Life-changing News

Ghana cocoa farmers enjoy $211 more than Ivorian counterparts

Ivory Coast has raised the fixed farmgate price paid to cocoa farmers to 1,000 CFA francs ($1.62) per kilogramme (kg) for the main crop of the 2023/24 season, up from 900 CFA francs/kg last season.

The cocoa producer price increase in Ivory Cost amounts to $1,610 per tonne lower than the $1,821 Ghana has offered farmers.

It means that Ghanaian farmers are receiving $211 more for a tonne of cocoa than their counterparts in Ivory Coast.

The agriculture minister Kobenan Kouassi Adjoumani, also announced the farmgate price for coffee which was raised 20% to 900 CFA francs per kg.

Ivory Coast, the world’s top cocoa producer, is expecting about a 20% drop in cocoa production this season due to poor weather conditions.

Ghana’s producer price is 70.5% of the Gross Free on Board (FoB) price, and is equivalent to $1,821 per tonne.

It is the highest price to be paid to cocoa farmers across West Africa in some 50 years.

COCOBOD receives only the FoB price which is cost of the cocoa beans only.

This is because, insurance and freight are received by the insurance companies and shipping lines respectively.

Forward sales

In addition, it is important to note that Ghana’s cocoa beans are mostly sold forward.

This means that the 2023/24 crop was sold between October 2022 and June 2023 at international prices ranging between $2,060 per tonne and $ 2,800 per tonne.

The international price of cocoa then began to increase in April 2023, when a greater percentage of the 2023/24 crop had been sold already.

Guaranteed producer price to cocoa farmers

The forward sale strategy enables COCOBOD to give farmers a guaranteed producer price and raise the syndicated loan offshore to pay farmers promptly for their produce.

Change in Producer Price determination mechanism

The Producer Price determination mechanism has changed from Net FoB to Gross FoB.

The difference is that with the use of net FoB, the amount farmers are paid is arrived at after all industry costs had been deducted.

With this method, farmers receive less of the total proceeds from the sale.

However, with the change in the mechanism to gross FoB, the amount that farmers are paid is determined first before all other industry costs.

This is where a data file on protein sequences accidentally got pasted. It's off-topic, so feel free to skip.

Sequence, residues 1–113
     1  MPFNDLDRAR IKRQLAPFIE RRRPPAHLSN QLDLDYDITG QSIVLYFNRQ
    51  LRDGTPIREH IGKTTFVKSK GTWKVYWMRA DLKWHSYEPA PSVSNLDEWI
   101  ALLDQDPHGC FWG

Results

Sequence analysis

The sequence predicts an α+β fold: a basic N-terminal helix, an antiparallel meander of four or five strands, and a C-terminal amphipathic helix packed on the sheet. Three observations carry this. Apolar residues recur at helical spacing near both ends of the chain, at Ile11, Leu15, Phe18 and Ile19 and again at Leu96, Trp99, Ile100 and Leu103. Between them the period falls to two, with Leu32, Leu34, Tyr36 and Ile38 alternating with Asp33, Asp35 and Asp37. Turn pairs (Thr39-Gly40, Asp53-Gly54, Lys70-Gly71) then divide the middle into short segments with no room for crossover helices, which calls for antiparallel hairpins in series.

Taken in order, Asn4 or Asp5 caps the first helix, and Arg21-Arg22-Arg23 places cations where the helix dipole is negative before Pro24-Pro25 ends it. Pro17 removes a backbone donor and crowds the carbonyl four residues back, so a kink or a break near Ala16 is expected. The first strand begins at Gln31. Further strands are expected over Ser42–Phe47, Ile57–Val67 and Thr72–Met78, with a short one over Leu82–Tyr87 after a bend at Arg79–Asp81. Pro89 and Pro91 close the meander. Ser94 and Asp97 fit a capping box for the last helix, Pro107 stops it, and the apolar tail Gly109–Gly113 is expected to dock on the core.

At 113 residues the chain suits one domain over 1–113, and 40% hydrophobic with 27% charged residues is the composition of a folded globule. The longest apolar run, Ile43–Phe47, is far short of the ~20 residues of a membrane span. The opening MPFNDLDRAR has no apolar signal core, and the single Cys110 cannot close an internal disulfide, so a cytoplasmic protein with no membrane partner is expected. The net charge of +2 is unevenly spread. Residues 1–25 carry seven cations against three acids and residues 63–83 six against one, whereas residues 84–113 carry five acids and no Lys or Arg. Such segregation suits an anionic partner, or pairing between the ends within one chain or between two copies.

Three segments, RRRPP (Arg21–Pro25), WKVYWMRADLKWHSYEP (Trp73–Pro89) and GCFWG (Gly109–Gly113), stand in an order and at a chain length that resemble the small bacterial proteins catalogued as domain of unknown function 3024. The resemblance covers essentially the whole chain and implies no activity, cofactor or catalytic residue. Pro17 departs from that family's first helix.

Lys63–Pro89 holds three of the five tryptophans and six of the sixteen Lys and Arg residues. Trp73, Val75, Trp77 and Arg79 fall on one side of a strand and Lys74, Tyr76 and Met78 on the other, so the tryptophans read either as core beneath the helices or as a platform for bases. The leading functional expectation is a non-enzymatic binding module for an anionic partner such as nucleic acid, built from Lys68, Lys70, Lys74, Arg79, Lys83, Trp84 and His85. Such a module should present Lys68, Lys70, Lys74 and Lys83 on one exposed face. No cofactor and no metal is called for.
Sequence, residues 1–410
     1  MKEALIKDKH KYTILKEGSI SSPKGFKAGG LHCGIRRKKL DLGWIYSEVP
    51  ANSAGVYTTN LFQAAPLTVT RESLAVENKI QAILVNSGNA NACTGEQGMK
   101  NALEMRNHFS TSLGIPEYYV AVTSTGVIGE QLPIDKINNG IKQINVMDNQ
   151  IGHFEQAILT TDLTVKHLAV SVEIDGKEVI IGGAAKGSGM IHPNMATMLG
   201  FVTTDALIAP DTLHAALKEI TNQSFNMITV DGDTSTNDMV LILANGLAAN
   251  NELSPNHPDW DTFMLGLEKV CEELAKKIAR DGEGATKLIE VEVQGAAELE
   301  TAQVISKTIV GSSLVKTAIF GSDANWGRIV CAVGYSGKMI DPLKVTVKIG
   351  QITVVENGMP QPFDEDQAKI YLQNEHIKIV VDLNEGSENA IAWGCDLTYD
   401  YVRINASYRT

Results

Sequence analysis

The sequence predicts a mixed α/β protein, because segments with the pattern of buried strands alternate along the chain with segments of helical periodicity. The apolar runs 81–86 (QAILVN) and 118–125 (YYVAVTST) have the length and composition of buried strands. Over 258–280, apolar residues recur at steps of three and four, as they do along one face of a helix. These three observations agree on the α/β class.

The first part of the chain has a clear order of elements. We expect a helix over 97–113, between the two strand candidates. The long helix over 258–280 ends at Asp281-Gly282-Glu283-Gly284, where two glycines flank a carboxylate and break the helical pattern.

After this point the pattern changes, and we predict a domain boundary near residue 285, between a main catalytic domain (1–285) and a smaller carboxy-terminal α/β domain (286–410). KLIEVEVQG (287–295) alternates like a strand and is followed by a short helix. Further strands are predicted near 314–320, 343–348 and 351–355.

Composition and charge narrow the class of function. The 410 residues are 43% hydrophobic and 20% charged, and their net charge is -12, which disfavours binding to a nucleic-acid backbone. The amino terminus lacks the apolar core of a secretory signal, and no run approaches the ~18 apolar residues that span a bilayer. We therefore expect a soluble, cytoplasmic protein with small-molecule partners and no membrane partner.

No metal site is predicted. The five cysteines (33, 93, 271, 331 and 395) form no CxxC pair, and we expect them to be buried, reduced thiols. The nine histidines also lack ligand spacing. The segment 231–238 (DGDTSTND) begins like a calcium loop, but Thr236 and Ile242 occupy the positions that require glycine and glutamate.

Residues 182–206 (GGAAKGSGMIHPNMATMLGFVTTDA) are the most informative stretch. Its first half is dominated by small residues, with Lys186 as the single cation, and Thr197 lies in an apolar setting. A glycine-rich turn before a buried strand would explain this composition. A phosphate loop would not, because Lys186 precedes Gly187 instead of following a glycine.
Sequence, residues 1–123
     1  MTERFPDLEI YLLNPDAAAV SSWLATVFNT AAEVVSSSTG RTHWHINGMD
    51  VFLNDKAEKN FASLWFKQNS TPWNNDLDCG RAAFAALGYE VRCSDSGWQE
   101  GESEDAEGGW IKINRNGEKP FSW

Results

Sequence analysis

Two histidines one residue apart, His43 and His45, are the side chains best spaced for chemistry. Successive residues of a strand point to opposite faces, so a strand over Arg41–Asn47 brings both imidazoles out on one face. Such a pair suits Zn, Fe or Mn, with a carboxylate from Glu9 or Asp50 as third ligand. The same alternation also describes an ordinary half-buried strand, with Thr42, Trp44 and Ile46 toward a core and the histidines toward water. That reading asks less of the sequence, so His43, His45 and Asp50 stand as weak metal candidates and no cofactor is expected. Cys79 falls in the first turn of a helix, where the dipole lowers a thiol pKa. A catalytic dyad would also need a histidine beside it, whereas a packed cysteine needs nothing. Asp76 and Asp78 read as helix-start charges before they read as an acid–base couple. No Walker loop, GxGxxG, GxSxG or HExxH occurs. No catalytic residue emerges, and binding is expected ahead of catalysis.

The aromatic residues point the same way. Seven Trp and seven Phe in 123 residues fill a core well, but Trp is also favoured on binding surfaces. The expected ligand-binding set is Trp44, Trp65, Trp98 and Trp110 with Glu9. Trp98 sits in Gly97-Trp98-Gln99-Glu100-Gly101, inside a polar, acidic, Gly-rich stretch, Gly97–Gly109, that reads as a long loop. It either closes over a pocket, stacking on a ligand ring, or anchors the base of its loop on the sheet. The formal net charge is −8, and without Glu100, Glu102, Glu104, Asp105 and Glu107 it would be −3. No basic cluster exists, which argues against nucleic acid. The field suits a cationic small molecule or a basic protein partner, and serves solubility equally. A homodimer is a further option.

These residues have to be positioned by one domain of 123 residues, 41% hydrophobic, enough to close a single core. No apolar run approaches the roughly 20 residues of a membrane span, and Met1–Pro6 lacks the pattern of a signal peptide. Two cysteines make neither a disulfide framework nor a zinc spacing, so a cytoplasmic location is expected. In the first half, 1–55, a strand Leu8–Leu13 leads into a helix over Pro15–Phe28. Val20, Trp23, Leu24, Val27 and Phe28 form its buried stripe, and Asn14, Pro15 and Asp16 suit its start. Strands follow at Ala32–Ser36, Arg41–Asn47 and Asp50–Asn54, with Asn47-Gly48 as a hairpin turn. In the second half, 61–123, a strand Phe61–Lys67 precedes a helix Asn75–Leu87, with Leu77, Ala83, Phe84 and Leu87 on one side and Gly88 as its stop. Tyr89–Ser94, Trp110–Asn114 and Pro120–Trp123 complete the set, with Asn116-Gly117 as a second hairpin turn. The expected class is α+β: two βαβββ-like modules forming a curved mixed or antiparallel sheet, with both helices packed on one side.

This method ensures that farmers get more from the sale of the beans

It is feared that price gap between Ghana and Ivory Coast will lead to smuggling into Ivory Coast this 2023/2024 cocoa season as Ivorian farmers are expected to take advantage of higher prices in Ghana.

People have been illegally transporting, or smuggling, cocoa beans between Ivory Coast and neighboring Ghana for many years.

As long as buyers in Ghana will pay more for Ivory Coast cocoa, the smuggling is likely to continue.

Cocoa smuggling between Ghana and Ivory Coast is quite common, with its direction shifting back and forth depending on the price difference between the two countries.

Economic woes have hurt farmers, who say basic operational costs, including the price of farm inputs such as fertiliser, chemicals have risen sharply some as high as 300%.

Under Ghanaian law, farmers are only allowed to sell their beans to purchasing clerks who act as intermediaries between them and Ghana Cocoa Board (COCOBOD).

$400 Living Income Differential

Ivory Coast and Ghana teamed up and agreed to sell cocoa with a living income premium of $400 a tonne added to the price, in a bid to reform the way global cocoa is priced.

Forward sale of 80% of cocoa beans

Ghana and Ivory Coast, which account for about 60% of global cocoa output, typically sell about 80% of the main harvest before the beginning of every season, a system which allows it to lock in prices and set the minimum pay for farmers.

Two-cycle cocoa season in Ghana

The country operates a two-cycle cocoa season, consisting of the main crop, which is mainly exported to Europe at a premium, and a light crop harvest, which is discounted by around 20% to local grinders.

Ghana, Ivory Coast get only $5.75bn out of $100bn chocolate market

While the two countries contributed to more than 60% of the world’s cocoa output, their total earning from the sale of cocoa beans amounted to a paltry $5.75 billion whereas the chocolate market was worth some $100 billion in that same year.

Ghana, Ivory Coast produce 60% of world’s cocoa

It means that the farmers whose toil and sweat produced 60% plus of the world’s cocoa earned 5.75% of the global value of their activity.

Leave a comment
error: Content is protected !!